"The Coup Belt"

Burkina Faso crowd celebrates West Africa’s latest coup

Burkina Faso crowd celebrates West Africa’s latest coup
epa09706527 A general view of quiet streets in Ouagadougou, Burkina Faso, 24 January 2022. Soldiers mutinied at several barracks overnight on 23 January. Civilian life continued as normal on 24 January after demonstrators clashed with police in support of the military on the previous day. EPA-EFE/STR

OUAGADOUGOU, Jan 25 (Reuters) - More than 1,000 people gathered in Burkina Faso's capital Ouagadougou on Tuesday in support of a coup that a day earlier ousted President Roch Kabore, dissolved government, suspended the constitution and closed borders.

The latest in a long history of coups in West Africa comes amid an increasingly bloody Islamist insurgency that has killed thousands and displaced millions across the Sahel region.

Soldiers announced they had overthrown Kabore on Monday, a move condemned internationally but welcomed by some at home tired of widespread insecurity, alleged corruption and deep poverty.

The crowd gathered in Ouagadougou’s national square to play live music, blow horns and dance. A Reuters reporter saw a group burning a French flag, a sign of growing frustration about the military role the former colonial power still plays in the region.

“ECOWAS doesn’t care about us, and the international community only wants to condemn,” said demonstrator Armel Ouedraogo, referring to West Africa’s regional political bloc.

“This is what we want.”

Burkina Faso’s rural north and east have been badly hit by Islamist violence. Attacks on civilians and the armed forces, including the killing of 49 gendarmes at a security post in November, prompted violent protests calling for Kabore’s ouster.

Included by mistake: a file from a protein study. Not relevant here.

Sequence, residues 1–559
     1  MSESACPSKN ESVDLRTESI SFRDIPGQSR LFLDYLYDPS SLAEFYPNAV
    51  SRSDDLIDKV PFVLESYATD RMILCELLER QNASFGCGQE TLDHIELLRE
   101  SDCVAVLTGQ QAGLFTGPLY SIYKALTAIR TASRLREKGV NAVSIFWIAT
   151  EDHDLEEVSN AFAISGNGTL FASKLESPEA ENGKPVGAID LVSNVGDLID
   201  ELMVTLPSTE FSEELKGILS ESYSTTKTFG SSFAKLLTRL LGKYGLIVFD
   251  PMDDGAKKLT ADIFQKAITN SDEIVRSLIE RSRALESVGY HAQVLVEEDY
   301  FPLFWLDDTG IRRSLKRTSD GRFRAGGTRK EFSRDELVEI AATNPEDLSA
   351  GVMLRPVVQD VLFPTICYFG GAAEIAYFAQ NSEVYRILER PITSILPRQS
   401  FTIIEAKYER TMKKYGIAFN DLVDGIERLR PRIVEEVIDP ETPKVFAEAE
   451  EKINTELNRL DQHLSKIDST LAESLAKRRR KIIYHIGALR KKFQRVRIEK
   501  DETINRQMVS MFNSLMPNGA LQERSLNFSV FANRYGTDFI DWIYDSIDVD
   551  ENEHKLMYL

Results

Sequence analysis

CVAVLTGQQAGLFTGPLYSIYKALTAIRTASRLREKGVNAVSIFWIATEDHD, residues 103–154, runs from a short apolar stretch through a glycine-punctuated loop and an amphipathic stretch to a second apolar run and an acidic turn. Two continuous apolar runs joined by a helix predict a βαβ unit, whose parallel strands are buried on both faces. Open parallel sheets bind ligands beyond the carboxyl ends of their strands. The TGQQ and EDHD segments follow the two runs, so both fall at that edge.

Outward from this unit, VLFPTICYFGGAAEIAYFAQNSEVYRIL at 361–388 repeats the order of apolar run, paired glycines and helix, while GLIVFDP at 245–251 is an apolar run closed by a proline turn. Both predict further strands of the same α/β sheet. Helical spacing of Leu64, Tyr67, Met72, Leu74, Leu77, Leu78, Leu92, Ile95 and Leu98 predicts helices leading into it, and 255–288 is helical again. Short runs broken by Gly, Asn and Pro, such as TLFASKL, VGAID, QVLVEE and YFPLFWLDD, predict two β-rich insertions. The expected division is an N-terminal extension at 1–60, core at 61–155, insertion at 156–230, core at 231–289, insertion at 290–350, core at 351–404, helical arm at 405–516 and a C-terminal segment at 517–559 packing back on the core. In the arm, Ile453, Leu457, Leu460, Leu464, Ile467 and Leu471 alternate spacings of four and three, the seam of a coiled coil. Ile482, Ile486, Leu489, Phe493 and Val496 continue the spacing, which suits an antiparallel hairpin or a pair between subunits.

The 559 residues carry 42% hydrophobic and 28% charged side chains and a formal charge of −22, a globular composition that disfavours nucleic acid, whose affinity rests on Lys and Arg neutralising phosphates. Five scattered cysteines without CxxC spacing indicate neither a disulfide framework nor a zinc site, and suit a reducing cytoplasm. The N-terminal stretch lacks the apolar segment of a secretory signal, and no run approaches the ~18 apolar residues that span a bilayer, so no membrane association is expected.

The putchists, called the Patriotic Movement for Safeguard and Restoration (MPSR) and led by a lieutenant colonel called Paul-Henri Sandaogo Damiba, said Kabore failed to unite the country or ensure security.



On Monday, they presented him with a hand-written resignation letter, which he signed.

“In the interests of the nation, following events that took place since yesterday, I have decided to resign from my role as president of Burkina Faso,” said the letter, confirmed by numerous sources.

Kabore’s whereabouts were unknown on Tuesday. The MPSR has said he was detained at a secure location. Vehicles belonging to the presidential fleet were seen riddled with bullets near Kabore’s residence on Monday.

The United States, the United Nations, ECOWAS and the G5 group of Sahel nations all condemned the coup.

France’s President Emmanuel Macron said the situation had appeared calm in the last few hours and that he had been informed Kabore was “in good health” and not being threatened.

The MPSR said it would propose a calendar for a return to constitutional order “within a reasonable time frame, after consultations with various sections of the nation.”

West African armies have staged another four coups in the last 18 months, in Mali, Guinea and Chad.

That has raised worries about a return to the post-independence decades in the 1960s when frequent putches across West and Central Africa saw the region dubbed “The Coup Belt”.

By Anne Mimault and Thiam Ndiaga

(Reporting by Anne Mimault and Thiam Ndiaga Additional reporting by Ange Aboa in Abidjan; Additional reporting by Elizabeth Pineau in Paris; Writing by Cooper Inveen and Edward McAllister; Editing by Andrew Cawthorne)


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